This may not be the most hard-hitting blog thought I’ve ever posted, but I think it’s a topic to which most people can relate.
I believe your shopping cart habits define you. That’s right. What you do with your shopping cart tells a lot about you.
Abandoned carts. They drive me nuts. What normal person leaves their shopping cart in the middle of a parking lot after unloading its contents into their car? These discarded carts are a hazard. They become parking lot torpedoes. People too lazy to push their cart 50 feet to the collection area must think the world owes them a favor. Or maybe they believe the guy in the orange vest, snaking the line of carts back to the grocery store, enjoys retrieving them one at a time. I’m not a governmental controls person, quite the opposite, but there should be a law against shopping cart abandonment. Anyone caught should be required to don an orange vest and gather carts for the next hour.
Carnival carts. These are shopping carts disguised as trains, race cars, buses or other things that don’t belong in a grocery store. They are twice the size of a normal shopping cart and usually have a couple kids bouncing around inside them. These monstrosities push other carts out of their way and send produce, soup cans and cereal boxes careening off the shelves in their wake. The parents at the controls of these carts are self-absorbed. They clearly think it’s okay to have other shoppers share the pain of parenthood during their weekly shopping experience.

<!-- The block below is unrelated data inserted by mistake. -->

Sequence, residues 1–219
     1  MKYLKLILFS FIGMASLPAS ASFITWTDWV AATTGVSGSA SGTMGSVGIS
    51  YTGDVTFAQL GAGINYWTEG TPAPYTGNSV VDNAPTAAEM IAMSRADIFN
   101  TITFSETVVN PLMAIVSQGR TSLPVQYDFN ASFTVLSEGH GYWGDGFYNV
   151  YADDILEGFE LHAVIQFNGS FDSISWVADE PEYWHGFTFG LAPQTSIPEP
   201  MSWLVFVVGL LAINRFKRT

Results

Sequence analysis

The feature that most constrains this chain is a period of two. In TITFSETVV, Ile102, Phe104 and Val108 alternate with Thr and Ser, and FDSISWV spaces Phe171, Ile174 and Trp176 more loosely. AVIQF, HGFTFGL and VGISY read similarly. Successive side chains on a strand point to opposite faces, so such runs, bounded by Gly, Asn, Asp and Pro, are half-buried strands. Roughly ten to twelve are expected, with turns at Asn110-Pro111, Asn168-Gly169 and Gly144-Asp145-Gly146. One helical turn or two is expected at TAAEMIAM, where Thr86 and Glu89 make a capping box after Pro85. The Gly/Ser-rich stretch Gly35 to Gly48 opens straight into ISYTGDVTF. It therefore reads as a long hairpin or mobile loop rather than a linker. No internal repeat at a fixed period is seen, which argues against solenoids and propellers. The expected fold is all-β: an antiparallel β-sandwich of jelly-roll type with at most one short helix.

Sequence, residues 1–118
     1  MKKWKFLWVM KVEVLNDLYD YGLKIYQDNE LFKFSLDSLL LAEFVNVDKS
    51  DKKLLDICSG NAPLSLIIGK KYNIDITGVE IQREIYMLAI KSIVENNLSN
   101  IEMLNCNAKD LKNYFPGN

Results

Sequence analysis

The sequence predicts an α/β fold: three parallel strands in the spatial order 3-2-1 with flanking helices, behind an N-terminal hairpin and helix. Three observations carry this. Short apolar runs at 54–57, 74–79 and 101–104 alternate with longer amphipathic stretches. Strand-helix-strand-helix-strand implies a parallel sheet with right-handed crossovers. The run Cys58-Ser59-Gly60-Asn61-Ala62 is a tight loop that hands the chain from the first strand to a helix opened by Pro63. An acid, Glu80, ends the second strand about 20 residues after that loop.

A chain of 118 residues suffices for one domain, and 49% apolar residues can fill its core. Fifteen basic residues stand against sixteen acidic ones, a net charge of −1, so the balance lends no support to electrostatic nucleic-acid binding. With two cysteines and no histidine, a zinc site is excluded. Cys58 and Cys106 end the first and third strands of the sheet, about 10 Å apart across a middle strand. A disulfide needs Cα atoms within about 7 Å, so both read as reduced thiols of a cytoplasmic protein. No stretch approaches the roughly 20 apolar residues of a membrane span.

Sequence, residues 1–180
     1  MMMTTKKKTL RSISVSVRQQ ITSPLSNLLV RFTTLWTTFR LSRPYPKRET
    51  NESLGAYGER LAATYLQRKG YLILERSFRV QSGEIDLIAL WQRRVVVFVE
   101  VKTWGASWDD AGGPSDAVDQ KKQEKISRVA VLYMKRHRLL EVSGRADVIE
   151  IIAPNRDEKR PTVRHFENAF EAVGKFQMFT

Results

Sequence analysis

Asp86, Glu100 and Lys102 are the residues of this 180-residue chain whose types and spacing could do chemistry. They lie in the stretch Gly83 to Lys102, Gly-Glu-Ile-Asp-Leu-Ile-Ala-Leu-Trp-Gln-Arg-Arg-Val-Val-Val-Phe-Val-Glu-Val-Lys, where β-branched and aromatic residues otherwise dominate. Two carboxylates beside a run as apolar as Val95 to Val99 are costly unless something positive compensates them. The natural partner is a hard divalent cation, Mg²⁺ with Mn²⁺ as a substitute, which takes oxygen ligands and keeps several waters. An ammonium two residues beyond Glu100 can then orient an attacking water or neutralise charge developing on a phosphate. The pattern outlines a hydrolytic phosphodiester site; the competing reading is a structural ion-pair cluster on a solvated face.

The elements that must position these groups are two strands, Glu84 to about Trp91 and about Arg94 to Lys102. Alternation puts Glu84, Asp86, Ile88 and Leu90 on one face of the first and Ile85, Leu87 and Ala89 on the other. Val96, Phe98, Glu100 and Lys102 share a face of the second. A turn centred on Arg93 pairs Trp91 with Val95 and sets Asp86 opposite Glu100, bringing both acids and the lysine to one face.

Gotta bad wheel? It doesn’t matter to some people. I’m sure you’ve seen them pushing these defective carts, rattling their way down the aisles. A shopping cart won’t go straight on three wheels. It just won’t. What goes through the mind of someone who keeps a defective three-wheel cart? It’s not like they don’t have a choice. There are hundreds of them at the entrance. These people can’t possibly put much value on convenience or even on personal satisfaction. Life just gave them a lemon that they could have easily traded for an orange, but they didn’t.
Electric shopping carts. I know this is a sensitive subject. Many users of these carts have special needs and have no other option. I’m clearly not judging them. However, for those unable to walk the aisles of a grocery store simply because of their weight, I’m not sure providing an electric cart to gather more food is really helping them. I’ve also witnessed ambulatory people of all ages and sizes use these carts, drop them off at the store after unloading, and then walk across the parking lot back to their cars. For them, these carts represent an entitlement that no one regulates. The use of electric carts has become so widespread the aisles of some Walmarts look like Shriner’s parades, except the Walmart drivers have better costumes.
If you ever see me shopping for groceries, I’ll be the one carrying the hand cart. I try not to be there any longer than necessary. I guess that means I’m anti-social.